People celebrate the capture in Tripoli of Moammar Gadhafi's son and one-time heir apparent, Seif al-Islam, at the rebel-held town of Benghazi, Libya, early Monday, Aug. 22, 2011. Libyan rebels raced into Tripoli in a lightning advance Sunday that met little resistance as Moammar Gadhafi's defenders melted away and his 40-year rule appeared to rapidly crumble. The euphoric fighters celebrated with residents of the capital in the city's main square, the symbolic heart of the regime. (AP Photo/Alexandre Meneghini)
BENGHAZI, Libya — The long reign of Col. Moammar Gadhafi appeared to collapse Sunday as rebels swept into Tripoli, captured two of his sons and set off wild street celebrations in a capital that he’d ruled by fear for more than four decades, Libyan officials and NATO said.
With NATO bombings paving the way, rebel forces entered Tripoli with surprising ease and by early Monday controlled much of the city. Gadhafi’s personal guard surrendered to rebel forces, and television showed crowds of opposition fighters in Tripoli unfurling the tricolor flag of pre-Gadhafi Libya and smashing the ruler’s portraits.
“This is historic,” Amal Abdelrazk,, 41, a resident of downtown Tripoli’s Andalus Street, said by phone. “After 41 years, eight months and 27 days, we witness this moment. ... “The whole thing is like a dream.”
Rebel military spokesman Col. Ahmed Bani told McClatchy that his forces were looking for Gadhafi in and around Tripoli. Gadhafi’s whereabouts were unknown, but a U.S. official said: “We have no reason to believe (he) has left the country.”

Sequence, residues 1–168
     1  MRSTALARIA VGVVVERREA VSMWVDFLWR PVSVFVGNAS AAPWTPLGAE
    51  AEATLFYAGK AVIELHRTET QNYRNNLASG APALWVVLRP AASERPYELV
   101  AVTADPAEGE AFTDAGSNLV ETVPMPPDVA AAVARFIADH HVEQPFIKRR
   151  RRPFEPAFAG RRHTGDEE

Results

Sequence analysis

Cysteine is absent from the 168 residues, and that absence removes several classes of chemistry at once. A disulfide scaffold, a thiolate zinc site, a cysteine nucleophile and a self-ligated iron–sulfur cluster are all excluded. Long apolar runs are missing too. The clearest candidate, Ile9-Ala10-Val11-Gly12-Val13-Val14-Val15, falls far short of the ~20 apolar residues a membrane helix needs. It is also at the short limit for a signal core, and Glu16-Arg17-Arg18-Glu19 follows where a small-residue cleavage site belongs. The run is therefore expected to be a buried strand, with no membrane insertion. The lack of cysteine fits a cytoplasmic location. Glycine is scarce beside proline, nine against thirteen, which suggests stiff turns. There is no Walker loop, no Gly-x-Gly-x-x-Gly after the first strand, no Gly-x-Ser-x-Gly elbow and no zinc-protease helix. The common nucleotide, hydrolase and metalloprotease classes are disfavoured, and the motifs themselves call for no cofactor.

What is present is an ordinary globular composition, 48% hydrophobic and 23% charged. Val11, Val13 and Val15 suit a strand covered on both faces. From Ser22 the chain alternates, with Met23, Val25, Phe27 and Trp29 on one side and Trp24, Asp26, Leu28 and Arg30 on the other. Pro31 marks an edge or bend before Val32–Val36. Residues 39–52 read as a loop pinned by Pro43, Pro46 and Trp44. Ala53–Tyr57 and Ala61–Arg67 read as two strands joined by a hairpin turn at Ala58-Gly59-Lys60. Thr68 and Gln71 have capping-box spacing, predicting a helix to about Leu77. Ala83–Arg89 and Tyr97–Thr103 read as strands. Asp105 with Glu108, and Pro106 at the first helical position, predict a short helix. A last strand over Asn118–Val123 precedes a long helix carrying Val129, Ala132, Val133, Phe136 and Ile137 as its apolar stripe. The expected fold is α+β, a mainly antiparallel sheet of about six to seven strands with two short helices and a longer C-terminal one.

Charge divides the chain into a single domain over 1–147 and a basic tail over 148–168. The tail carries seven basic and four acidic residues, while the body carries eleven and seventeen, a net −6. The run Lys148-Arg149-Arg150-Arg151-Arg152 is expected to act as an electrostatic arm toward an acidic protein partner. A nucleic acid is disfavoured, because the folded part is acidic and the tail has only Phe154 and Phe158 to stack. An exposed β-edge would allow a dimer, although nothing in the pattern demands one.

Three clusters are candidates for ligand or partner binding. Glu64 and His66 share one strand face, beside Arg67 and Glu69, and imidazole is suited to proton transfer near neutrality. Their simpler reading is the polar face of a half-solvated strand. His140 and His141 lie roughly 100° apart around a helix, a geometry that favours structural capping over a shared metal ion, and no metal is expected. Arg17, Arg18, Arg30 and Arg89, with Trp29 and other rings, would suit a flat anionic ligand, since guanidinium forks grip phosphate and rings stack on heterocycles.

Late Sunday Gadhafi made a brief audio statement on Libyan TV, sounding desperate as he called on individual tribes and cities to “take weapons” and defend “beautiful Tripoli.”
“All the tribes, you must all march to Tripoli in order to defend and purify it,” he said, calling the rebels agents of Western powers. “Otherwise you will have no dignity; you will become slaves and servants in the hands of the imperialists.”
But the mercurial leader was nowhere to be seen, and for many Libyans, the regime’s death blow came with the rebels’ arrest of Seif al-Islam, Gadhafi’s powerful son and one-time heir apparent, who had vowed after the uprising against his father began that the regime would fight its opponents “until the last bullet.”
The rebels’ Transitional National Council in the eastern city of Benghazi confirmed Seif al-Islam’s arrest. Luis Moreno Ocampo, chief prosecutor of the International Criminal Court, told CNN that he would begin talks with the rebels Monday on transferring him to the custody of the court, which issued a warrant for his arrest in June on charges of crimes against humanity.
President Barack Obama, asked about the situation while he was vacationing in Martha’s Vineyard, Mass., said, “We’re going to wait until we have full confirmation of what has happened. ... I’ll make a statement when I do.”
Thousands of Libyans celebrated in Benghazi, cheering and dancing to mark the apparent climax to an uprising that began there more than six months ago. Celebratory gunfire echoed as Mustafa Abdel Jalil, leader of the Transitional National Council, announced Seif al-Islam’s capture shortly before midnight.
“Finally, Libya is liberated,” said Ibrahim Shebani, 29, who joined the raucous party near Benghazi’s courthouse. “Stay tuned, world — you will finally get to meet the real Libyans.”
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